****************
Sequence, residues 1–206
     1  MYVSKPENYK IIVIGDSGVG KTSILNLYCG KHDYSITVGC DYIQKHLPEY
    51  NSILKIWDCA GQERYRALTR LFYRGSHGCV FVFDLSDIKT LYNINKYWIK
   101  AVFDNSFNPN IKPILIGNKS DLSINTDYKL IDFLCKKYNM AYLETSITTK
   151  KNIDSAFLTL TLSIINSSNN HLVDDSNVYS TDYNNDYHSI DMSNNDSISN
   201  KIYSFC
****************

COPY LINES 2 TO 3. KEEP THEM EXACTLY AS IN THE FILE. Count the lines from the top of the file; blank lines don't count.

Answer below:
     1  MYVSKPENYK IIVIGDSGVG KTSILNLYCG KHDYSITVGC DYIQKHLPEY
    51  NSILKIWDCA GQERYRALTR LFYRGSHGCV FVFDLSDIKT LYNINKYWIK